The Prop 13 ‘Reforms’ Only Embed Prop 13 More Deeply

Joe Mathews
Connecting California Columnist and Editor, Zócalo Public Square, Fellow at the Center for Social Cohesion at Arizona State University and co-author of California Crackup: How Reform Broke the Golden State and How We Can Fix It (UC Press, 2010)

Reading about all the planned reforms of Prop 13 contemplated by Democrats convinces me of this: Prop 13 will be with us forever.

What these reforms have in common is this: they embed Prop 13 even more deeply in California governance. What these reforms don’t do is change the essence of Prop 13 – taking away the power of local officials to set tax rates, and thus robbing local communities of the ability to govern themselves with real accountability.

The most commonly discussed Prop 13 “reforms” – a split roll property tax and a lowering of the threshold for certain local taxes to a 55 percent margin of approval by voters – share this same defect.

Take the split roll. Prop 13’s essence was that it stripped power from local elected officials and replaced it with a formula – essentially a cap – on property tax rates and the amount that property taxes could grow. Reform would be removing those caps and letting local officials make those decisions. But the split roll proposes to replace the current formula with two different formulas, one for commercial property and one for local property. That might bring in more money – which could be a very good thing for the state – but replacing one property tax formula with another is not a reform of Prop 13. It’s a re-commitment to Prop 13.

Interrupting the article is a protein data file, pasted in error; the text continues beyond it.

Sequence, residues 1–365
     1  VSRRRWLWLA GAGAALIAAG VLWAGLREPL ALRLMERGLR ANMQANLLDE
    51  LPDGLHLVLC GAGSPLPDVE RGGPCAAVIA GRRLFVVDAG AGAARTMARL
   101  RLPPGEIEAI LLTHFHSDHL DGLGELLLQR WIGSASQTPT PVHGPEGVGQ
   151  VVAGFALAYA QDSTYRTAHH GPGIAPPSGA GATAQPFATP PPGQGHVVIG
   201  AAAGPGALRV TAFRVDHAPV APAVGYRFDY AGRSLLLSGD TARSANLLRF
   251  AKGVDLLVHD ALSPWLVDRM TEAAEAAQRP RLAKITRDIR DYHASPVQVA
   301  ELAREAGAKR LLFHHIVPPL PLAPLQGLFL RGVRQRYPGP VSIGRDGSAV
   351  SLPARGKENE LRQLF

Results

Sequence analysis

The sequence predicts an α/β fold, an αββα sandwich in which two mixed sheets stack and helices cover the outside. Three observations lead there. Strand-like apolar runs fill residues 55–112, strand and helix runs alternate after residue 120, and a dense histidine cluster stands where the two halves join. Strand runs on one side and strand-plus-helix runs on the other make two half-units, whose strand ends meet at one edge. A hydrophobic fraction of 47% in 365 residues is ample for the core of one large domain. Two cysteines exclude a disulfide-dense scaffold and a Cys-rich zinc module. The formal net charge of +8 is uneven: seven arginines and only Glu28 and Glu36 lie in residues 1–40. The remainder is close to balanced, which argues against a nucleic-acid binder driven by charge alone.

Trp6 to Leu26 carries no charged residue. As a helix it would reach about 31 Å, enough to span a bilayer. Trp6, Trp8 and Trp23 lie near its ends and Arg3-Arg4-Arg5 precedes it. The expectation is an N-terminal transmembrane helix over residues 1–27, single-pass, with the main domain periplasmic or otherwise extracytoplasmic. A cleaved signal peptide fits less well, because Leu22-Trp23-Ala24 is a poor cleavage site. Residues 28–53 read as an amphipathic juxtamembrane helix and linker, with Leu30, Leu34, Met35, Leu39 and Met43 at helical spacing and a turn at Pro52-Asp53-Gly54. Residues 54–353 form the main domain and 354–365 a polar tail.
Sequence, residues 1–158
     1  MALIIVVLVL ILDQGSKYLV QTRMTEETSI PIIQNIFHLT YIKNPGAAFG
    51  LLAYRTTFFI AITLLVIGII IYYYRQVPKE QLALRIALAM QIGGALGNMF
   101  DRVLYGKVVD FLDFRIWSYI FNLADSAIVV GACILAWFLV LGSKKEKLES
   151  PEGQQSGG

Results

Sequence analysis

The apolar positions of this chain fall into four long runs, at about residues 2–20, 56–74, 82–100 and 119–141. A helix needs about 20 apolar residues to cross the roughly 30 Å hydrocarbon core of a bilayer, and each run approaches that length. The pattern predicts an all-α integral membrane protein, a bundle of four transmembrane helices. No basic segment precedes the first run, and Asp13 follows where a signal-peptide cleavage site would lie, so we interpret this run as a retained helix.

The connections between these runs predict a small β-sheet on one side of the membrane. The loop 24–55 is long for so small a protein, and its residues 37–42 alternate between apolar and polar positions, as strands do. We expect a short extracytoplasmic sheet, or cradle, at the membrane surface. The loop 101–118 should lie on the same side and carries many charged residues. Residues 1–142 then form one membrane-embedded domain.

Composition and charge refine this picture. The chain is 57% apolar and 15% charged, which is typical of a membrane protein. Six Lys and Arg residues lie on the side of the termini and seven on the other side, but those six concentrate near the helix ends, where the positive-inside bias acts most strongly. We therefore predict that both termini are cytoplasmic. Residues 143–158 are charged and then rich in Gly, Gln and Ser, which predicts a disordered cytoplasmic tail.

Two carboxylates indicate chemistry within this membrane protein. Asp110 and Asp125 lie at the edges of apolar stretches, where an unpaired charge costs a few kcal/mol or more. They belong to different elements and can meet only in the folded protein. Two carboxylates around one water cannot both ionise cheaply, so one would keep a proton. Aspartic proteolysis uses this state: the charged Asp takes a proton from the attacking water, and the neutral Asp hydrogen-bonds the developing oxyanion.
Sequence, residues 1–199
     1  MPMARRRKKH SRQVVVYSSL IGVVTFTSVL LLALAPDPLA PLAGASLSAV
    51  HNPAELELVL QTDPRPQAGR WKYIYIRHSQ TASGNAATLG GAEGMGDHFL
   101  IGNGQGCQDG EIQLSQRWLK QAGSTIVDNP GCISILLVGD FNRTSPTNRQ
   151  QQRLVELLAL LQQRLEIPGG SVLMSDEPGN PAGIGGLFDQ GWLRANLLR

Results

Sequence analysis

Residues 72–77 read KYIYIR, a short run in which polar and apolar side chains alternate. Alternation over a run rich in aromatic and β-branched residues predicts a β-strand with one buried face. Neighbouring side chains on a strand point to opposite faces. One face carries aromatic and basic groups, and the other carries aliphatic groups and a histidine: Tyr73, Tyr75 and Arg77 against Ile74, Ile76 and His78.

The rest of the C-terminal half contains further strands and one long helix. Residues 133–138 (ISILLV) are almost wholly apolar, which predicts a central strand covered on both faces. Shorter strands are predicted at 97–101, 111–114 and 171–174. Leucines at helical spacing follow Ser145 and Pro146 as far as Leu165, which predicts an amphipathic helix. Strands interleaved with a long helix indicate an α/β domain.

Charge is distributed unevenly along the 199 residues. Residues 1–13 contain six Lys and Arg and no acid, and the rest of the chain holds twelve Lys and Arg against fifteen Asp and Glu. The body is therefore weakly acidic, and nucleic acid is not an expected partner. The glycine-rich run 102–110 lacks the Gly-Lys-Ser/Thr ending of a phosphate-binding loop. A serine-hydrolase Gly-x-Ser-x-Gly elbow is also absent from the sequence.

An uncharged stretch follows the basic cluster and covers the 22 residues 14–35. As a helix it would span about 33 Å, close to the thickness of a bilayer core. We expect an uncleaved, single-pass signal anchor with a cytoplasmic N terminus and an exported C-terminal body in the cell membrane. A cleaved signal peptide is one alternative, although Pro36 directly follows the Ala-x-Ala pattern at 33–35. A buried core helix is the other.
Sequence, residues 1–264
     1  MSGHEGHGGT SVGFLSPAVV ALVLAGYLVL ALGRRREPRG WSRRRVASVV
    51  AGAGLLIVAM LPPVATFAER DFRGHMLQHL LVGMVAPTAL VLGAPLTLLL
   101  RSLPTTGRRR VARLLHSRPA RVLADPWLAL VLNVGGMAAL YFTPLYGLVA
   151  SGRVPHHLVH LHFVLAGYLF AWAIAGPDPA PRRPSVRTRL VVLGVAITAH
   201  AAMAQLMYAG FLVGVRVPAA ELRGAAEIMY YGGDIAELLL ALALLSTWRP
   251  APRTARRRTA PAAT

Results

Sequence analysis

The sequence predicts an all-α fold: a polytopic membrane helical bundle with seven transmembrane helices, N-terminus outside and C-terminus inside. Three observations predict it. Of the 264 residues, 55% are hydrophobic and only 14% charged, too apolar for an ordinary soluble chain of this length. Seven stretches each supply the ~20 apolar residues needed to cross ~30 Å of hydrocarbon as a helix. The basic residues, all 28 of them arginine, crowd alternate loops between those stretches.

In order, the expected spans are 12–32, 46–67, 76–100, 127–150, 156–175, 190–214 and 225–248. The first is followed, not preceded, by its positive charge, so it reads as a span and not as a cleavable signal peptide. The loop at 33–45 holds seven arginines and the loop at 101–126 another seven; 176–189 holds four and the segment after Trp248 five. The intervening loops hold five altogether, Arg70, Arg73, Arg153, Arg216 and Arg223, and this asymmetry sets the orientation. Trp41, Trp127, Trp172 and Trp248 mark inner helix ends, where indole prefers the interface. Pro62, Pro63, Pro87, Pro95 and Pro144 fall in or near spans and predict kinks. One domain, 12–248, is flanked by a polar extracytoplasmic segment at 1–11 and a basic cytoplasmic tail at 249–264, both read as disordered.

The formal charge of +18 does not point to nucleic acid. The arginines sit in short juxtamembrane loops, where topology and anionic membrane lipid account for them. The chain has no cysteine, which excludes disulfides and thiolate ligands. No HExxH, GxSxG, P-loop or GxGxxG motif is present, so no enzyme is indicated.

The 55 percent idea has the same problem. Yes, 55 percent is more democratic than the 2/3 vote. But the trouble is that, in both cases, local voters decide on the tax increases – not local elected officials. And, as California should have learned from the last 30 years, when you strip local elected officials of this power to set tax rates, you remove local democracy and accountability. Local elected officials in California, unable to set taxes, have been turned into spenders – and they spend big, knowing that they will never have to raise taxes themselves to justify their spending. The 55 percent reform doesn’t change this reality.

Indeed, these Prop 13 reforms are really about making it easier to raise taxes, while preserving Prop 13’s basic centralizing, anti-democratic structure. In other words, Prop 13 reform is likely to make little impact on governance – but strengthen Prop 13.

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